Monday, June 27, 2005

Iran media watch: Kayhan and Hoseyn Shari'atmadari were big losers

Iran media watch: Iranian presidential election; winners and losers: "Media Monitor

Iran media watch: Iranian presidential election; winners and losers
Jun 27, 2005, 16:05 GMT

Like every other election, Iran's presidential election in June 2005 had its winners and losers. President-elect Mahmud Ahmadinezhad was not the only winner and the other hopefuls, including Ahmadinezhad's rival in the runoff Akbar Hashemi-Rafsanjani, were not the only losers.

The losers

Rafsanjani, however, is the most visible loser. Even his post as the chairman of Expediency Council is obsolete. The Council was established to intervene in order to resolve deadlocks in dealings between the executive, legislative and judiciary powers. With Ahmadinezhad's election, all three of them are under the control of Iran's powerful conservative camp.

For nearly three decades, "Iranians saw Rafsanjani as an example of a clever and powerful man... and saw his hands at work behind the scene of Iranian politics. Now he has lost the election to a medium-level manager and has appealed for God's justice because of his frustration over those he described as the ones who either cannot or are not willing to do anything to restore his rights." (BBC Persian Online, 26 June 05).

The right-wing Islamic Coalition Party (ICP) as one of Iran's main and oldest political organizations was another big loser. The ICP and its affiliate Coordination Council of Revolutionary Forces failed to recognize Ahmadinezhad's prominence and chose former Iranian radio and television chief Ali Larijani as the conservative camp's official candidate. (, Larijani's own website, 13 June 2003)

The hard-line daily, Kayhan, and its outspoken managing editor Hoseyn Shari'atmadari was the next big loser. Two days before the first round of the election, in the daily's editorial he had called on Ahmadinezhad to withdraw in favour of Ali Larijani and General Mohammad Baqer Qalibaf, another conservative candidate. (Kayhan, 15 June 05)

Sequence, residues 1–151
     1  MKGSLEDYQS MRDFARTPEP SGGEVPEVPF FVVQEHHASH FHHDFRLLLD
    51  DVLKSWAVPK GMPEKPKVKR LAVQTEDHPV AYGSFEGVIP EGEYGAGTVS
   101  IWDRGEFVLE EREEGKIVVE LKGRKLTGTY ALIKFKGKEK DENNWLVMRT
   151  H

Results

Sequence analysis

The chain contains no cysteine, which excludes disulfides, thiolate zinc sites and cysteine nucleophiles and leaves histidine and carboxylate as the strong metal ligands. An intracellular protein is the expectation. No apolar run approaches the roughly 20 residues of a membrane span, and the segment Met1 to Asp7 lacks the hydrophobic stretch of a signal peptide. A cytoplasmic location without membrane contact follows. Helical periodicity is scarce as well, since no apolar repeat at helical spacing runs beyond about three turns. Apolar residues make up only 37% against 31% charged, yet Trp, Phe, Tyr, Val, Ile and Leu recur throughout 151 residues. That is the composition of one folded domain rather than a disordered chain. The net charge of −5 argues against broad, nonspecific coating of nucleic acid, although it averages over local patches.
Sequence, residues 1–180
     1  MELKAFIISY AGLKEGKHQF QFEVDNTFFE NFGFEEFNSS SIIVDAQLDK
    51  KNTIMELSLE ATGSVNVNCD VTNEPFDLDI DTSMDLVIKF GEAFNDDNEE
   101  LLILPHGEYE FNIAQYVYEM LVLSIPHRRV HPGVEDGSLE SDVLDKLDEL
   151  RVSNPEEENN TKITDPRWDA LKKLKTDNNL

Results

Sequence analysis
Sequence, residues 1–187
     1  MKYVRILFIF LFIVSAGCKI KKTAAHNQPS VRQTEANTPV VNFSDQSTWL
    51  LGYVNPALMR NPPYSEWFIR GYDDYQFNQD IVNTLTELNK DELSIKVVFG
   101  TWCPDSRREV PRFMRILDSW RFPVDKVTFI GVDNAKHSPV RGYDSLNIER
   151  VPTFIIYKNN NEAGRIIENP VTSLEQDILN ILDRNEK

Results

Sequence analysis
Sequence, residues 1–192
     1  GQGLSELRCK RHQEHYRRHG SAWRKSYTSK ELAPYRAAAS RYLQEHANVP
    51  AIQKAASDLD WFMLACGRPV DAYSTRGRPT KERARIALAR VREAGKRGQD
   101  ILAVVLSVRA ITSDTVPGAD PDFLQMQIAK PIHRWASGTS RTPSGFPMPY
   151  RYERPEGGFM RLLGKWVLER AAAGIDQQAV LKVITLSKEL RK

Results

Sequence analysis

Iran's main reformist parties, the Islamic Iran Participation Party and the Islamic Revolution's Mojahedin Organization, lost the election in the sense that they supported Mo'in in the first round and Rafsanjani in the second round and both of them failed to win the election. Yet the biggest loss in the course of this election was sustained by the Iranian opposition abroad who had boycotted the election all together. They seem to have lost their credibility, as "more than 27,959,000 Iranians went to the polls in the second round of the election". (IRNA news agency, 24 June 05)

As it became clear in Ahmadinezhad's first international press conference in Tehran as Iran's president-elect, political prisoners and vulnerable groups including women and intellectuals have little to gain as a result of Ahmadinezhad's taking office as president. Asked what would his reaction be if the EU-3 call for Iran to respect human rights, he said: " I think that the European side should come out of its ivory tower and do not address the Iranian nation with arrogance. These arguments are banal, outdated and disgusting." (IRINN, Iranian TV News Network, 26 June 05)